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Youth Orchestras Get Back to In-Person Rehearsals

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Dr. Jessica Morel leads the CSO Youth Philharmonic in their first rehearsal of the seasons.
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The CSO Youth Orchestra in their first rehearsal in more than a year.
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Dr. Jessica Morel leads the CSO Youth Philharmonic in their first rehearsal of the seasons.
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The CSO Youth Orchestra in their first rehearsal in more than a year.
 
 
 
After 12 months apart, the Charlotte Symphony Youth Orchestras got back to in-person rehearsing thanks to the generosity of Park Road Baptist Church, which allowed the groups to safely gather in their parking lot. Spirits were high as the groups came together to rehearse works by Chance, Mozart, Mackey, Bryant, Beethoven, and more! The outdoor location allowed for lots of music while still adhering to social distancing guidelines. 

The Youth Orchestra's sounded so wonderful that neighborhood families came by to watch them rehearse from a distance! 


CSO Resident Conductor, and Youth Orchestra conductor, Christopher James Lees shares his excitement at the first rehearsal


Posted in Education & Community, Youth Orchestras. Tagged as Charlotte Symphony Youth Orchestras, CSYO, Education.

How Atrium Health Helped Keep the Music Playing


As Medical Director of Infection Prevention at Atrium Health, Dr. Katie Passaretti has been on the frontlines of the war against the spread of COVID-19 in our community. She's also worked closely with the Charlotte Symphony to advise on safety protocols; keeping our staff, musicians, and audiences safe and keeping the music playing throughout the pandemic.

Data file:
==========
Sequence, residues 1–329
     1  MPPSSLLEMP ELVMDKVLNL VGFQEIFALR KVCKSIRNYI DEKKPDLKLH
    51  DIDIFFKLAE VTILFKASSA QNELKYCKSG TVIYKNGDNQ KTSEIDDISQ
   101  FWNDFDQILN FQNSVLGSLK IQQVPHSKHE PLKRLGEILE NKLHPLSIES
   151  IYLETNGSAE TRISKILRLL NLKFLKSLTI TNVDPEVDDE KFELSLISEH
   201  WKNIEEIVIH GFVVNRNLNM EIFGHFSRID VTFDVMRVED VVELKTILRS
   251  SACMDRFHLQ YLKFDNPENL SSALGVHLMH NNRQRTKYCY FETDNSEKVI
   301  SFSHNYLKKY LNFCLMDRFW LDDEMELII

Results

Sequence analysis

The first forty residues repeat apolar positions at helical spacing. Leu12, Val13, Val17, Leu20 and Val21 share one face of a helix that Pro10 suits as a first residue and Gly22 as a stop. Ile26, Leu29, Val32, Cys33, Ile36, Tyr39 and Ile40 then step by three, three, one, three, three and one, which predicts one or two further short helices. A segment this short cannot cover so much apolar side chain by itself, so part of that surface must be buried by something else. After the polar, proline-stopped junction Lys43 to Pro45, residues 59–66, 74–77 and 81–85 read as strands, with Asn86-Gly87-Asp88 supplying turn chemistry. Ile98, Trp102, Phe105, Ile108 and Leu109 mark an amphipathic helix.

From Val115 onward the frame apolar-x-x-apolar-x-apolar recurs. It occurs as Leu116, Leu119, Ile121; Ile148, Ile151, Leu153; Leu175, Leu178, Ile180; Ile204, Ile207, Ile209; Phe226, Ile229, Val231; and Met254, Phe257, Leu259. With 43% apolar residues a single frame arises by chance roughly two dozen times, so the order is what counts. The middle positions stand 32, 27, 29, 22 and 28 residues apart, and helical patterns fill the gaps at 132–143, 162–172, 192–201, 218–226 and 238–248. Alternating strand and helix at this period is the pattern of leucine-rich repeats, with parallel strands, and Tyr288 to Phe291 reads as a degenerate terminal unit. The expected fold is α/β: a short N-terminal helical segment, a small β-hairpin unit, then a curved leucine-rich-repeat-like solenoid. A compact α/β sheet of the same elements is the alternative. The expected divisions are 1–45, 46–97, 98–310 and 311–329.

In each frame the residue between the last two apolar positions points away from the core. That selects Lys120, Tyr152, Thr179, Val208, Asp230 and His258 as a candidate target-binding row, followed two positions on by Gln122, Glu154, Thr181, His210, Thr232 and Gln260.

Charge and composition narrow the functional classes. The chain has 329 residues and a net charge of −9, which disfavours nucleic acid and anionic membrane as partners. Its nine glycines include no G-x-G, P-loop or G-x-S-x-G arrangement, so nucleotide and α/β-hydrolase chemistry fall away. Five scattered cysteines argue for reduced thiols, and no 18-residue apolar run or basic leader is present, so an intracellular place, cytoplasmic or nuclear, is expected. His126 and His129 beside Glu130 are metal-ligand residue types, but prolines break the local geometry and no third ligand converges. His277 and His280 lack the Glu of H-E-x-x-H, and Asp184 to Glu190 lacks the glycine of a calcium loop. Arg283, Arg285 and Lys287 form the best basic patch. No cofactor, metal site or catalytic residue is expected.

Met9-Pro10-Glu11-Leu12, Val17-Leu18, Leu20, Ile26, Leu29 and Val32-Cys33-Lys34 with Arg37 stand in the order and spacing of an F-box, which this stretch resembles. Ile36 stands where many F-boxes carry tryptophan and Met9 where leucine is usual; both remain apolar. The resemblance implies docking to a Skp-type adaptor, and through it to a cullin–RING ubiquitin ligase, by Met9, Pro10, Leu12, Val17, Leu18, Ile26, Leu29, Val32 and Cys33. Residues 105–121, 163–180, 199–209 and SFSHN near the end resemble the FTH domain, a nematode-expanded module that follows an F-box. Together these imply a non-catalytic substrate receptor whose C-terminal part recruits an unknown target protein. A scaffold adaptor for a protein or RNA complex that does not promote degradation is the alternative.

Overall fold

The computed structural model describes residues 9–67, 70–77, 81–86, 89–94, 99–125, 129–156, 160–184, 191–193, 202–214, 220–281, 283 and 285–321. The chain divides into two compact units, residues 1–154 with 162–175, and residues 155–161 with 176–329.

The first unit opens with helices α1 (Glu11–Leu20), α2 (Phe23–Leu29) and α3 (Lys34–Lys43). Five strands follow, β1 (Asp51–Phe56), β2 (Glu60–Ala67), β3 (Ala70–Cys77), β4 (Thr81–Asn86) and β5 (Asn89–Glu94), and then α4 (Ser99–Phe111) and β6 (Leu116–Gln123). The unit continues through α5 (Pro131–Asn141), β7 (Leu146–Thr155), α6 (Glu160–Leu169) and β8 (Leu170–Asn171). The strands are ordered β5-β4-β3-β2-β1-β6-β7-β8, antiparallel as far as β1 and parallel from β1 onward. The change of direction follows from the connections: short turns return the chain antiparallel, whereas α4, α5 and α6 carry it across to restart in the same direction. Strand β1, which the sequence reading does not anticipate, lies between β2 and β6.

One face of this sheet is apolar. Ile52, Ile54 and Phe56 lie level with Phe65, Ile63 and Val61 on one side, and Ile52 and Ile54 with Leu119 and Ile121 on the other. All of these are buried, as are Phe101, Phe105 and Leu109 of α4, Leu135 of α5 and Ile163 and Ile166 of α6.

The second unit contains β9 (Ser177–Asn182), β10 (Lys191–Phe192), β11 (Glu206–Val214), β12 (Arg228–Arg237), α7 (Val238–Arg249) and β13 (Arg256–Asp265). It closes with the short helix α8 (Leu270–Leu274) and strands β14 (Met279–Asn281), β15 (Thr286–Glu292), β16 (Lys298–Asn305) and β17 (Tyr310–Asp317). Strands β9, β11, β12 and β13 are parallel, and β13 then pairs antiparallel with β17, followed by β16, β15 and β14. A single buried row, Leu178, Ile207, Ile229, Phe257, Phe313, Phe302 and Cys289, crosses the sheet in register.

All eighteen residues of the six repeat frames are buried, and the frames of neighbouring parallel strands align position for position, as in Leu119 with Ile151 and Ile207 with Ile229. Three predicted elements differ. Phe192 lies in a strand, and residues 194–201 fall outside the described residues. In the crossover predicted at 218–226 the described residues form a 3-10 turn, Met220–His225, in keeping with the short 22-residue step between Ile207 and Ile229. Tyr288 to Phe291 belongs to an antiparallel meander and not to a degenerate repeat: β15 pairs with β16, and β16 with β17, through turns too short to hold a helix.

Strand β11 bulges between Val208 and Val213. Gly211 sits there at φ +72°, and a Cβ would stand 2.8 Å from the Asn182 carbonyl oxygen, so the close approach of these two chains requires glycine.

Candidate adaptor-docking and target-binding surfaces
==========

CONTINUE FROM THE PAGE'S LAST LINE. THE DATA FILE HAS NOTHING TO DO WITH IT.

What was your path to becoming the Medical Director of Infection Prevention? 
I think it started when my mom was a home health care nurse and took me on patient visits from a young age. I was always drawn to and excelled at math and science, so going into the field of healthcare seemed like a natural path for me. I studied biology at Johns Hopkins and ended up staying there for medical school, residency and an infectious disease fellowship -- a total of 16 years. I found that infectious disease and hospital epidemiology had a great mix of patient care, interesting stuff, data nerdiness, detective work and the ability to impact larger populations. In 2011, I left Hopkins and came to Atrium Health to take a health system role as medical director of Infection Prevention and never looked back. It's been a wild, but gratifying ride.

How has your day-to-day changed since the pandemic began?  
No one day has been the same for the past year it's been a whirlwind of activity without a doubt! There have been more meetings, emails, phone calls and media interviews than I can count, combined with caring for patients with COVID and other infectious diseases. The days and months have been long and emotional, but worthwhile, and the support and commitment of my leaders at Atrium Health to do what's best for patients, teammates and our community has been inspiring every step of the way!

"A huge part of healing our community is to bring the arts back."


How have you been helping the Charlotte Symphony ensure a safe environment for staff, musicians, and audience?  
My specialty is how to prevent the spread of infections, so I've helped serve as a subject matter expert on reopening safely. That work includes everything from when to start letting people back in, testing symphony staff, masking requirements and ways to make the experience as safe as possible in this time of COVID.

Why do you feel it's important for performing arts institutions to continue their work during this time?  
Artists and the institutions that showcase them and their works are the heart and soul of our community. While the steps taken this past year were necessary to protect our community, there have been tremendous losses and the lack of access to the arts is very much one of those losses. While re-opening performing arts institutions must continue to be done safely, a huge part of healing our community is to bring the arts back.

Learn more about the everyday heroes at Atrium Health.
 

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